‘Murder Most Foul’: Dylan as the Bard, in the most Shakespearean of times

Bob Dylan

Like most everybody, journalist/author/Dylanologist Chris Morris was taken by surprise when Bob Dylan released the 17-minute song “Murder Most Foul” at midnight Thursday. “Greetings to my fans and followers with gratitude for all your support and loyalty across the years,” the songwriter wrote. “This is an unreleased song we recorded a while back that you might find interesting. Stay safe, stay observant and may God be with you.”

Morris, author of the memoir “Together Through Life: A Personal Journey with the Music of Bob Dylan” (2017), reacted to the release in an essay posted on his personal blog. Buzz Bands LA shares it below, but first, the song:


On Nov. 22, 1963, when the world and I could not seem to stop crying, my mother gave me a copy of “The Freewheelin’ Bob Dylan” that she had bought for me as a Christmas present. (I have written of this before). Last night, as our fresh tears only began to flow while a plague settled further upon us, that day and Dylan both returned to me in a great rush.

Shock and gratitude simultaneously flooded every cell in my body as I listened for the first time to “Murder Most Foul,” a new and totally unexpected Dylan song that was sent along late Thursday evening by his publicity representative.

As this hushed, torrential thing unspooled over the course of 17 surprising minutes, I first was stricken by my recollection of the first time I ever heard Dylan’s voice, on the day John F. Kennedy was assassinated; the murder is the subject of the new work. Then, over the course of five or six more auditions, in the deepening darkness of my bedroom as night fully settled, the personal echoes receded, and I began to take a new measure of the musician’s considerable art.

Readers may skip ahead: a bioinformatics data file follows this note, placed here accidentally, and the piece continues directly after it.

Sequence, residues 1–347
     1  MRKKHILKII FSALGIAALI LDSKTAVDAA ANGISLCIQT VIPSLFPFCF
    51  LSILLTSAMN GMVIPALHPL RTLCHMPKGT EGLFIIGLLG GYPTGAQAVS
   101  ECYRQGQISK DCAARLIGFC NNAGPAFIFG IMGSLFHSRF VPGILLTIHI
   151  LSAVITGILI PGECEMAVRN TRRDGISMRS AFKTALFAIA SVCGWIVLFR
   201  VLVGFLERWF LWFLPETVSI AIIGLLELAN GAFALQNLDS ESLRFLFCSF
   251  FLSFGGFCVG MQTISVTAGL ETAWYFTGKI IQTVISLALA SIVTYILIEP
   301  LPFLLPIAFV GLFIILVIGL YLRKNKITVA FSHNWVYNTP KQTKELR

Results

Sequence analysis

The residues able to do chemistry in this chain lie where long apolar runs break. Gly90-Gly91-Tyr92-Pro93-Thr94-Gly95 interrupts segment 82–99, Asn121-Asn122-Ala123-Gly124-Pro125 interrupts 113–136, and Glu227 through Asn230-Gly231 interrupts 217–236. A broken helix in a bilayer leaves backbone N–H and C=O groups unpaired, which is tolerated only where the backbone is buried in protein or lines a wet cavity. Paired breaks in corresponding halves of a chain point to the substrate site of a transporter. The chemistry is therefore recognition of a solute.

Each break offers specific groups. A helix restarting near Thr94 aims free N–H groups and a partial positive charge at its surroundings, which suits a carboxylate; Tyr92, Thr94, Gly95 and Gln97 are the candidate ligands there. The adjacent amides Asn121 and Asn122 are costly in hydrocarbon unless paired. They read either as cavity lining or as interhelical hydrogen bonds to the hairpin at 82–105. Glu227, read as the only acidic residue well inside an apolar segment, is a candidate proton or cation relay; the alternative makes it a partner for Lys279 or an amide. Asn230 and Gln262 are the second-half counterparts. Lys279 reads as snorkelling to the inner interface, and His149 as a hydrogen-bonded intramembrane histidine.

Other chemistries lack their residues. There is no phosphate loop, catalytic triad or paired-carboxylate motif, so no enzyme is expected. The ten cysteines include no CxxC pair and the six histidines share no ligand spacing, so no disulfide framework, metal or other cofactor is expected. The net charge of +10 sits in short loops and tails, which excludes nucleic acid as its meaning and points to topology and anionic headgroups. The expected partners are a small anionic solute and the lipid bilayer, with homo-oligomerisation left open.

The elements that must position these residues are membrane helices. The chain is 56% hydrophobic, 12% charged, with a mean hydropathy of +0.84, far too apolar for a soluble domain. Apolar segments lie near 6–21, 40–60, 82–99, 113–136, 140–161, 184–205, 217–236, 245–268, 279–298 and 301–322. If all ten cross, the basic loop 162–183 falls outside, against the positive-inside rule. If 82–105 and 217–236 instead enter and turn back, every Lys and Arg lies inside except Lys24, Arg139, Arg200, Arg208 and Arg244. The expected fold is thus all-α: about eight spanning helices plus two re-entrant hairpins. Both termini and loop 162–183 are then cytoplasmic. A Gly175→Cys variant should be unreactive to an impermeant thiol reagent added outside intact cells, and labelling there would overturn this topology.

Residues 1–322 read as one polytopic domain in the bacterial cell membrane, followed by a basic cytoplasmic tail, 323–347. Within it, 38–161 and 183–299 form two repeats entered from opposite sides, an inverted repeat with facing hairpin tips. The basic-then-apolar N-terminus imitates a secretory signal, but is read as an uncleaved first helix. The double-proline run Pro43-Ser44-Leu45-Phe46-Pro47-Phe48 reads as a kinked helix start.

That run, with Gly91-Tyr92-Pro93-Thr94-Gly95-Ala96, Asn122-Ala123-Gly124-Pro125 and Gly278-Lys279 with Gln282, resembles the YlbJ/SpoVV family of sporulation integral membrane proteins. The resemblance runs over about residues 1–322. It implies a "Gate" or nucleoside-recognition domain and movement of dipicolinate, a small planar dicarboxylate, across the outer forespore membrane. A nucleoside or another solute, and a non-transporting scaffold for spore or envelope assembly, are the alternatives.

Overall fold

If you are looking for a compelling melody to draw you in, you will search in vain here. “Murder Most Foul” seesaws on three lapping chords that repeat predictably over the full length of the song; the accompanists (so far unnamed) – piano, two or maybe three strings, the brushed drums we’ve grown accustomed to – do their best to obscure even that slight form by playing slightly out of sync with one another.

Dylan is in bardic voice, and it feels ancient.

Dylan himself does not so much sing as chant; he sounds less rough than on his releases of the last five years. He is in bardic voice (and more will be said about that other Bard here anon), and it feels ancient. One expects a lyre in the mix. Given the epic form, I found myself thinking of the passages in “The Iliad” in which Homer enumerates the fates of his dying warriors on the Trojan battlefield.

Anyone who was young and engaged by the Kennedy mythos in 1963 will experience something primal while listening to this song. The killing has plainly remained vivid for Dylan, who was 22 years old at the time. The event is depicted in harsh, graphic terms; there is even a reference mid-song to the autopsy (which leaves the fate of the president’s soul a mystery). Lee Harvey Oswald and Jack Ruby are mentioned in passing, but old-school conspiracy theorists will likely embrace Dylan’s not terribly veiled suggestion that the assassination was a mob hit. A couple of gangland references – most especially the line “it is what it is,” a coded reference to violence from Martin Scorsese’s “The Irishman” – lead one to believe that all these years later Bob does not embrace the Warren Report’s conclusions.